The U.S. Consumer Financial Protection Bureau alleges that for-profit college chain Corinthian Colleges has engaged in an illegal predatory lending scheme.
In its lawsuit announced Tuesday, the CFPB is requesting relief to the students who collectively have taken out more than $500 million in private student loans to attend a campus program under Corinthian Colleges, one of the largest for-profit, post-secondary education companies in the nation.
The publicly traded company has more than 100 school campuses across the country. The company operates schools under the names Everest, Heald, and WyoTech. As of last March, the company had approximately 74,000 students.The CFPB alleges that Corinthian “lured tens of thousands of students” to take out private loans for expensive tuition by advertising “bogus job prospects and career services.”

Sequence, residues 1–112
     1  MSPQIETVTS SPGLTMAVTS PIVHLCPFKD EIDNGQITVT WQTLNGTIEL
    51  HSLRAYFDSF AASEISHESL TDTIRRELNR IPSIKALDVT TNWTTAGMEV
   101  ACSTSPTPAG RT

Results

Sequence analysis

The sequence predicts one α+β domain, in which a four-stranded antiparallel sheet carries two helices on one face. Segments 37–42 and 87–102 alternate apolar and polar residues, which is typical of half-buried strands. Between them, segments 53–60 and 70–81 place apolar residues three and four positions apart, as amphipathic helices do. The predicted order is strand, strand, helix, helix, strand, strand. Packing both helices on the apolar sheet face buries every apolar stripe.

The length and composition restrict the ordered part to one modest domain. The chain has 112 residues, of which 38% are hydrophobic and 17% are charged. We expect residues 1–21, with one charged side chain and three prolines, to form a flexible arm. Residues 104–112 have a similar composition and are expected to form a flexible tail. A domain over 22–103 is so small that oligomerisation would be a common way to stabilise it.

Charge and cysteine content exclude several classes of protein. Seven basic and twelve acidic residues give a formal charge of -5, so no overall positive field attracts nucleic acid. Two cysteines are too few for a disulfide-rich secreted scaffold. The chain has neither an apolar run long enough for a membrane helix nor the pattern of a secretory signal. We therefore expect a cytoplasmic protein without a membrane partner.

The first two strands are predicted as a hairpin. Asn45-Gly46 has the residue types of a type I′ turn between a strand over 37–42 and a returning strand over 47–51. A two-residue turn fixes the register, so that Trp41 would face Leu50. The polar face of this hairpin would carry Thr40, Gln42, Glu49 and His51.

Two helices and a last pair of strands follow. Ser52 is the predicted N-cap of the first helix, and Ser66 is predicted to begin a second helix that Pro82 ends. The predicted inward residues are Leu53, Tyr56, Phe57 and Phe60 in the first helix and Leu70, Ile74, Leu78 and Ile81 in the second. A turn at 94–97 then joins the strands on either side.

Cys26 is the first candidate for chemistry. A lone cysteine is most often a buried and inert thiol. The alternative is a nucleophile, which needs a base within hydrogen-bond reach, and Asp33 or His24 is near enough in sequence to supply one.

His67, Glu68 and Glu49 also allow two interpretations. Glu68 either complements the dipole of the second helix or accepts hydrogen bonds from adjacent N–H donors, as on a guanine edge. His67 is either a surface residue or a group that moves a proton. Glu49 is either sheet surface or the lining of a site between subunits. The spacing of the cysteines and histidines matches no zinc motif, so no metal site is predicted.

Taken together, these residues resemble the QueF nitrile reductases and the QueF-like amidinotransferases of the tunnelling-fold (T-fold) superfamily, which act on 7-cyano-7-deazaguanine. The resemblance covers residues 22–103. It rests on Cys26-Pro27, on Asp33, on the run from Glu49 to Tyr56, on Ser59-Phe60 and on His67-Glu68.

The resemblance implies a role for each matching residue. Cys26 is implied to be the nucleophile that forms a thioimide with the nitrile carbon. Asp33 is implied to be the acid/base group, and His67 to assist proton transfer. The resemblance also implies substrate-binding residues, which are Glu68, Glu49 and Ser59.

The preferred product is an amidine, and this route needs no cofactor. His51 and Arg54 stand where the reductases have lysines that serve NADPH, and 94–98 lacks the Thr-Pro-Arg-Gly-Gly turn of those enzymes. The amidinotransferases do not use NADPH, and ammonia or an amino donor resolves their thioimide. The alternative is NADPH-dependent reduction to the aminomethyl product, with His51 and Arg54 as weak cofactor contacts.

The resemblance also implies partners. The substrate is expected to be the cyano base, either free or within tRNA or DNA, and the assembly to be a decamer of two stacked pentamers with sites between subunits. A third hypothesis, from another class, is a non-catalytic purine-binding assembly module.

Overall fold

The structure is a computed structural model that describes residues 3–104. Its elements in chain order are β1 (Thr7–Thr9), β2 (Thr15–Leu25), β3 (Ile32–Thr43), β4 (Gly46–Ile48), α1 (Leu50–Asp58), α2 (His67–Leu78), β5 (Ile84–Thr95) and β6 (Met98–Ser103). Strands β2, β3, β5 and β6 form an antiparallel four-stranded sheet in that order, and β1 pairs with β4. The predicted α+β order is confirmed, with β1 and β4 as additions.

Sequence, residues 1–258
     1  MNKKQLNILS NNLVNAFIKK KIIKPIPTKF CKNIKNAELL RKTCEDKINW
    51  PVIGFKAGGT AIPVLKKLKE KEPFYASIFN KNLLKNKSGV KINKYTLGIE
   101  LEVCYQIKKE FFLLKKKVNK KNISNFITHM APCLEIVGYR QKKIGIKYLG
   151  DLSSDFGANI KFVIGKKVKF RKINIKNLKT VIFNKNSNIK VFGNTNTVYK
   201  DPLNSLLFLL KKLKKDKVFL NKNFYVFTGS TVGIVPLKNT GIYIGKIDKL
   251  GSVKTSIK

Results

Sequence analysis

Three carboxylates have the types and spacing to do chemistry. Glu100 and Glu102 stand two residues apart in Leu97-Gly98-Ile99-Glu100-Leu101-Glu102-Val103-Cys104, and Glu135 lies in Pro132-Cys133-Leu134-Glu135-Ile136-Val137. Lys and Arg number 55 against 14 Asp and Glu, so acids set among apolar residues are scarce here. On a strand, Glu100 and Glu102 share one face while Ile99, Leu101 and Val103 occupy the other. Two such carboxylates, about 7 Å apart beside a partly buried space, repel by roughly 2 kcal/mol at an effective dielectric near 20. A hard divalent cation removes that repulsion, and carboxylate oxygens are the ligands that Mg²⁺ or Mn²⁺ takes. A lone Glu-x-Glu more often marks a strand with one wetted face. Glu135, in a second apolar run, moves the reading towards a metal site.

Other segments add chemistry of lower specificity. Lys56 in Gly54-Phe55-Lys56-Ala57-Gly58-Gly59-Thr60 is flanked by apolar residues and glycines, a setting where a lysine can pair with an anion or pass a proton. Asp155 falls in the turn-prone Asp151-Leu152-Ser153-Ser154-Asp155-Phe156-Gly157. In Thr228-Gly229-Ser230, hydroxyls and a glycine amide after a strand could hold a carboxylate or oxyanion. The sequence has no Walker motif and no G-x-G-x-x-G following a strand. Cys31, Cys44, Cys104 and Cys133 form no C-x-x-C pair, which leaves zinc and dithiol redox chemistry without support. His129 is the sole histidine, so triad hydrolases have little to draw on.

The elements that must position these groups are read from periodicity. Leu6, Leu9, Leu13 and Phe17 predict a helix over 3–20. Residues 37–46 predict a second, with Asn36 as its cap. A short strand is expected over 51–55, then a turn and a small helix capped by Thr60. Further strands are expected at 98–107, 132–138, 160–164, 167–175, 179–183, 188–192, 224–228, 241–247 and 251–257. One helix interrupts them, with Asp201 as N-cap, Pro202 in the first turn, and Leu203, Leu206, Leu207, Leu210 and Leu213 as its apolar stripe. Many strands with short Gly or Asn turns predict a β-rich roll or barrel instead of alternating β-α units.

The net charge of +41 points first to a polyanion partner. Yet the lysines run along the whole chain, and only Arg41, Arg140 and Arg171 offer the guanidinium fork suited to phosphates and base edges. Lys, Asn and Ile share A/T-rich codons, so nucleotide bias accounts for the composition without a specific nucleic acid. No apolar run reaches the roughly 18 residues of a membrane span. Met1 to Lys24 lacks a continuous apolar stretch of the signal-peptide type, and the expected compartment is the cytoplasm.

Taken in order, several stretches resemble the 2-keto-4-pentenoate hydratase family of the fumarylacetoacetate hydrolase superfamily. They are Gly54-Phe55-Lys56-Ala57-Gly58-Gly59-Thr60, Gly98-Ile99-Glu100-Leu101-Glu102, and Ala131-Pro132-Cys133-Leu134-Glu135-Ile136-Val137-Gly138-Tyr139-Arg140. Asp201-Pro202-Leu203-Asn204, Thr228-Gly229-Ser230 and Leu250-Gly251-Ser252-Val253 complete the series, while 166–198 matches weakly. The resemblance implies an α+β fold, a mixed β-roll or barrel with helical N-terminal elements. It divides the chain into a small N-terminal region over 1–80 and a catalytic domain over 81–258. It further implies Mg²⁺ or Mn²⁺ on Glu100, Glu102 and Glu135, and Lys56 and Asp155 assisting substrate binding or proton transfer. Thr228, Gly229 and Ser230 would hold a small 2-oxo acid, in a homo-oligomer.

Corinthian then used illegal debt collection tactics to “strong-arm students” into paying back those loans while still in school, the CFPB said.
In June, the U.S. Department of Education delayed Corinthian’s access to federal student aid dollars because of reports of malfeasance, the CFPB said.
Since then, Corinthian has been scaling down its operations as part of an agreement with the Department of Education. However, Corinthian continues to enroll new students.
The Bureau is seeking to halt Corinthian’s practices.
“For too many students, Corinthian has turned the American dream of higher education into an ongoing nightmare of debt and despair,” said CFPB Director Richard Corday.
“We believe Corinthian lured consumers into predatory loans by lying about their future job prospects, and then used illegal debt collection tactics to strong-arm students at school,” Cordray adds. “We want to put an end to these predatory practices and get relief for the students who are bearing the weight of more than half a billion dollars in Corinthian’s private student loans.”
The complaint against Corinthian can be found here.